Oooh! Some Victor backstory. This is the commercial side of his backstory; there are far more things I could talk about but he seemed to be feeling particularly negative in this bit, so I focused on the sale and distribution of his stories.
The cell was cold and dark. Trip huddled in the corner listening to something dripping onto the floor, every drop seeming to reverberate as loudly as possible. He sighed for what seemed like the fiftieth time in five minutes.
“Ain’t no use huffin’, boy.”
“It’s not like you’re concerned,” Trip muttered into his knees. He got up and started pacing again.
“Now what d’you mean by that?” Victor said from where he was lying on the cell’s only pallet. “Ain’t I in here, same as you?”
“I’m sure this is some misunderstanding, we’ll be let out soon. Then you’ll be… on your way home. Away.”
The old man swung his legs off the bed. “Well, what d’you expect? You got the coin to pay me for further?”
“I thought it wasn’t about the money!”
Victor gave a sarcastic little laugh and lay down on the bed again. “Ye’re naive, kid. I’ll give ye that.”
Trip stopped at the tiny grating that let in their meagre moonlight. Through it he could see the branches of the local One Tree from here, it gave him no solace. He peered closely at it but couldn’t see any signs of the corruption that had swept through Deep Round. Perhaps they were not too late.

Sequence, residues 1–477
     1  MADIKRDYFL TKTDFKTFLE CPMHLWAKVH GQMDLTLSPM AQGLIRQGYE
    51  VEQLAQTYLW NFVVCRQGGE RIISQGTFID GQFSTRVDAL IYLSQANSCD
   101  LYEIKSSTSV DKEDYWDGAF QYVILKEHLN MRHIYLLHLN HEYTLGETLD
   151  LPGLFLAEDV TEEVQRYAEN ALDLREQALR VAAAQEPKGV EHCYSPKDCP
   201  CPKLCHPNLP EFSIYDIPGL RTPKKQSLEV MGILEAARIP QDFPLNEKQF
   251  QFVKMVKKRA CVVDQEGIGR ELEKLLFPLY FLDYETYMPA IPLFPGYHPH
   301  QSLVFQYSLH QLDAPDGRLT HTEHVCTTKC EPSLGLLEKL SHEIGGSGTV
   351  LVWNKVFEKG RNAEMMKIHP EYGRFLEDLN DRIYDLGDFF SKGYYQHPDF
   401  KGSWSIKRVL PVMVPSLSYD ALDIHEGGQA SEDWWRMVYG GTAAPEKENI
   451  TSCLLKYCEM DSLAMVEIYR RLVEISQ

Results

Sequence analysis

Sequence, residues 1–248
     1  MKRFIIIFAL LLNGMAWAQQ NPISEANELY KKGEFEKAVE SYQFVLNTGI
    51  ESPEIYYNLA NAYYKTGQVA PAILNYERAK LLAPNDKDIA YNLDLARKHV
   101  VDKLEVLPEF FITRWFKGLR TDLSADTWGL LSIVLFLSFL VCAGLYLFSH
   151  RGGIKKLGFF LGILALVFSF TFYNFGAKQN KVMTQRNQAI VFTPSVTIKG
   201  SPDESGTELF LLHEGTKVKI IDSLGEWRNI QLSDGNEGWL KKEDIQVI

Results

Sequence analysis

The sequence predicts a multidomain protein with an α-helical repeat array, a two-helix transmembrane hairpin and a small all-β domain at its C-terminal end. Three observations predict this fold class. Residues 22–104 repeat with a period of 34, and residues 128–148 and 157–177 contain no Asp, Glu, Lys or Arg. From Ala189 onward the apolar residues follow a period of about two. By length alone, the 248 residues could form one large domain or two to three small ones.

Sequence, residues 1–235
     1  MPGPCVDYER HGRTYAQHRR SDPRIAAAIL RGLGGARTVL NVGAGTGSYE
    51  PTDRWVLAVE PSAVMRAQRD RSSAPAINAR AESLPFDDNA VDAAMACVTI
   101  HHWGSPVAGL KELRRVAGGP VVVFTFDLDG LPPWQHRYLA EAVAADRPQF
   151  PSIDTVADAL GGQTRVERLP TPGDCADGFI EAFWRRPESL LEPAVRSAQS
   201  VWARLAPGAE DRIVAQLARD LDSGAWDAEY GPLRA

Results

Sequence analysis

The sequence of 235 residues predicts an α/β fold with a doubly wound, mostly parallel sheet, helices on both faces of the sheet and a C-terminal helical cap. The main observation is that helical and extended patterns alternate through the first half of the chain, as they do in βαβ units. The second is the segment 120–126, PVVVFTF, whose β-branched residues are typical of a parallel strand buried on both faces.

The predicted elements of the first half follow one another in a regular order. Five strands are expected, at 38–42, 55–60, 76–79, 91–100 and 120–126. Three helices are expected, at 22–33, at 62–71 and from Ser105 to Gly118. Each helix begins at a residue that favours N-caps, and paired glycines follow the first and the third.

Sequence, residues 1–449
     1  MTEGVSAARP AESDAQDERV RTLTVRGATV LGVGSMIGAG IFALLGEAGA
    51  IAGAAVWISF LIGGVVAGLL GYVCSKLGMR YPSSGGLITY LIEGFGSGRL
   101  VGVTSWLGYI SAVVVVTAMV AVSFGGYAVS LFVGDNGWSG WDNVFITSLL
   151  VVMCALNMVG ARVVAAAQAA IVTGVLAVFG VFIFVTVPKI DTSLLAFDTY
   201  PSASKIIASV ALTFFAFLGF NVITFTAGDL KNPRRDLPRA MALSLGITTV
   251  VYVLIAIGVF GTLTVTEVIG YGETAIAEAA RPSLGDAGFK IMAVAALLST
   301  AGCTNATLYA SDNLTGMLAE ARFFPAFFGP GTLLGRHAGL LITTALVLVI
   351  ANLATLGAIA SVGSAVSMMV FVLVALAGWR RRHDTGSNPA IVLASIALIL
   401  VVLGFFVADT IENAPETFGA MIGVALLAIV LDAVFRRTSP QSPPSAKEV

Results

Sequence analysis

The sack of evidence had, of course, been taken from them; Victor’s sword as well, and the short sword that Trip had been training with. The bristle-chinned sergeant who had processed them into the jail had sneered a bit at their clothes and Victor’s accent before leading them past jail cells full of the city’s worst scum, men battle drug addiction, murderers, men who beat their wives; arms had stretched out of each cell and, when Trip had looked into the darkness of the tiny rooms, eyes had looked out of each of them on the new arrivals with evil-looking glares. Victor, for his part, had seemed completely at ease with the situation and Trip had found himself creeping closer to the man as his stolid composure overcame the threat of his leaving.
That had been four hours ago. Night had fallen, unheralded by a meal or a visit from anyone who might explain what was going on.
“Were you really just going to leave?” Trip asked after a few minutes.
“Whether I was or wasn’t, makes no diff’rence now, lad,” the man replied without opening his eyes. “Cain’t, even if I wanted to.”
“But you were going to.”
“You don’ seem to unnerstand how this works. You paid me some money - no, not even money, you gave me a purty amulet you foun’ - worth a nice amoun’ though, to get to the High Father. ‘Ere we are. What’s so hard?”
“When you fought the Lamia of Bedulla you did it to win the hand of a fair maiden, Victor. You didn’t do it for money. What’s happened to you?”
“Let me tell you a story, boy.” Victor sat up again. “‘Bout forty years ago now I was travellin’ in Dorth. Y’know, those Dorthians are always singin’ and makin’ up stories. Anyway, this partic’lar night was to change a lot of things…”
City of Fyrr, Dorth.
40 years years earlier
“Victor, I’m not sure how we could have done it without you!”
The mayor, a man made huge by drink and too much rich food, clapped me on the back. I nodded, smiled, picked up my mead and drank it.